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Simple ABC systems are OK for simple music. The Irish system (all capitals, comma after the letter for lower octave, no punctuation for middle octave, apostrophe after for high octave) can be sight read at speed by people bought up in that system.

 

ABC Notation can handle very complex music; here's a couple of lines in a tune I transcribed recently for a friend in a different country. She put the script into the aforementioned mandolin tab site to read and print it.  The question mark was a note I couldn't pick!

 

({c}[DAd]2{f}[ADd])A ([DAd]2{f}[ADd])A|([CGc]2{e}[CGc])A ([CGc]2{e}[CGc])A|([DAd]2{f}[ADd]) ([DAd]2{f}[ADd])|[Ae]"?"([Aea][Aea][Aeg][Ae])ed{e}d|
[DAd]edA [DAd]edA|([CGc][CGe][CGc])A ([CGc][CGe][CGc])A|GA[Gc]d (3ege dc|{B}Ac{c}GA ED{A}DD|

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16 hours ago, SIMON GABRIELOW said:

what happens if power goes down? Or battery runs out... At least doing things by hand the only battery or power that will one day 'runout'.. is one's own mortality!

 

And what happens if the dog eats your notebooks? At least everything on my computer is backed up.

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Posted (edited)

Of course, if you're a masochist with too much time on your hands, you can modify any ABC

script to include a partial rendering of the ABC code itself, as part of the score, along with

the standard staff notation. A sort of 'belt and braces' approach:

image.gif.cddc454aaebf32b4180785027eda2388.gif

I was asked to supply note-names below the notes by someone running a whistle class, and

from that it was only one step further to convert the note names to ABC names. What fun...😎

 

 

 

ach.abc

Edited by lachenal74693
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54 minutes ago, lachenal74693 said:

 

image.gif.cddc454aaebf32b4180785027eda2388.gif

 

Interesting! Obviously, the question arises why the sharps are ommitted from the F,G and A names? Is that deliberate?

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Posted (edited)
51 minutes ago, RAc said:

Interesting! Obviously, the question arises why the sharps are ommitted from the F,G and A names? Is that deliberate?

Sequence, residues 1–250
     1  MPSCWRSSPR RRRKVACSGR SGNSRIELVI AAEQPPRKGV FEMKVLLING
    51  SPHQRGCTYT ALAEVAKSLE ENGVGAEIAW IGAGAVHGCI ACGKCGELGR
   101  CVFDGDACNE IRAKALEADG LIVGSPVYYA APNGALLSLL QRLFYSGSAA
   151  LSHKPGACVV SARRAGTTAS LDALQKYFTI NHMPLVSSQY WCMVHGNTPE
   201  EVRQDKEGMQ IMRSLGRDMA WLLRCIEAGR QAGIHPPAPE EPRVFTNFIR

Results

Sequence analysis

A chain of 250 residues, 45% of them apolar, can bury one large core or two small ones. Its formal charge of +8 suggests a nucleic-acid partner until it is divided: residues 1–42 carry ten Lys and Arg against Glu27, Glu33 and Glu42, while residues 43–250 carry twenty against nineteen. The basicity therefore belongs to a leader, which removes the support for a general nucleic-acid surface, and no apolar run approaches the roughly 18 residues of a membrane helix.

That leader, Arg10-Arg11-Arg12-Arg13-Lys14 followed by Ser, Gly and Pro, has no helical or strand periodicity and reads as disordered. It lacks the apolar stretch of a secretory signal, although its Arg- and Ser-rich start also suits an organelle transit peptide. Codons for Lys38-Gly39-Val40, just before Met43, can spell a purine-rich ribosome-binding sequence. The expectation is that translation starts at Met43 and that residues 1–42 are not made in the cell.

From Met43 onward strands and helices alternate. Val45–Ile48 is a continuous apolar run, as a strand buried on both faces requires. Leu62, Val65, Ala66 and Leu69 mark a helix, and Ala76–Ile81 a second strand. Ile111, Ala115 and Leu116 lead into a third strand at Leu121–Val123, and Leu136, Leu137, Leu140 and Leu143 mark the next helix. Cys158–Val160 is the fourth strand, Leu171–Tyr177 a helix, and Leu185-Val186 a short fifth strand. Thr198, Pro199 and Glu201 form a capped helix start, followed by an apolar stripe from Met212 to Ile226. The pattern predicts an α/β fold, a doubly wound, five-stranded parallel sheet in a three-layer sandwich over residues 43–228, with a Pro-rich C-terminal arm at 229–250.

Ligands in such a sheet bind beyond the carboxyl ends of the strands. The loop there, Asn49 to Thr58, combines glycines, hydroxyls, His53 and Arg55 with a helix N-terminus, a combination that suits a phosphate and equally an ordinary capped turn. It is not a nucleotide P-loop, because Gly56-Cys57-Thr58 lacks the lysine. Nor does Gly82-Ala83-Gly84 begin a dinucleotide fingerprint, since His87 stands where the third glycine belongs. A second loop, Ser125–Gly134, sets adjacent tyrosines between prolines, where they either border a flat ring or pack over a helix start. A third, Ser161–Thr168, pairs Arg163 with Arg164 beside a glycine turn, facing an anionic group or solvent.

Yes.

 

Why? Because in the ABC code for a tune in the key of Amajor, Fs, Gs and As are written as 'F', 'G' and 'A'

(or 'f', 'g', 'a', etc. depending on the octave), and I write the ABC notes as encountered in the ABC script.

I do the same for all key signatures. I read the file into memory and then close it (so I can't 'mangle' the

original ABC code). I then do the necessary scanning of the music lines in the in-memory code, make

the required changes, and write the modified ABC to a completely new file...

 

I did think about explicitly writing the accidentals as accidentals, but the sharpening (or flattening) of the

notes is implicit in standard staff notation, so I decided to go with that convention. Explicit accidentals in

the ABC code are written as such (see the 'D's and 'ds' in the example I posted).

 

I hope that explains it adequately...

Edited by lachenal74693
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1 hour ago, RAc said:

Obviously, the question arises why the sharps are ommitted from the F,G and A names?

1 hour ago, lachenal74693 said:

Because in the ABC code for a tune in the key of Amajor, Fs, Gs and As are written as 'F', 'G' and 'A'

 

Surely you must both mean F, G, and C or am I going nuts? The key of A major doesn’t have an A#.

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ABC mirrors standard music notation. Sharps and flats which are part of the key signature are specified in the K: header field and there is no need to mark individual notes, any more than you would when writing notation. Only true accidentals which are not in the specified key need to be identified.

 

As well as major and minor, ABC allows you to specify modal key signatures and even to customise them.

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7 hours ago, David Barnert said:

 

And what happens if the dog eats your notebooks? At least everything on my computer is backed up.

Well, you can't guard against everything! But, all I do is scan document into computer, and have spare copy anyhow. Then into card folder for the originals, because Windows 8 is so badly designed ( in my opinion) that you cannot see where the hell everything has gone in first place! ( No recent files listing)! There, I feel I have got that off my chest for now.

 

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Posted (edited)
9 hours ago, David Barnert said:

 

Surely you must both mean F, G, and C or am I going nuts? The key of A major doesn’t have an A#.

 

yes, of course. F,G and C is what I meant to write. The soft keyboard on my tablet yields unpredictable output. Sorry for that and thanks for pointing it out! Poor Roger obviously followed me in falling down the trap door...

Edited by RAc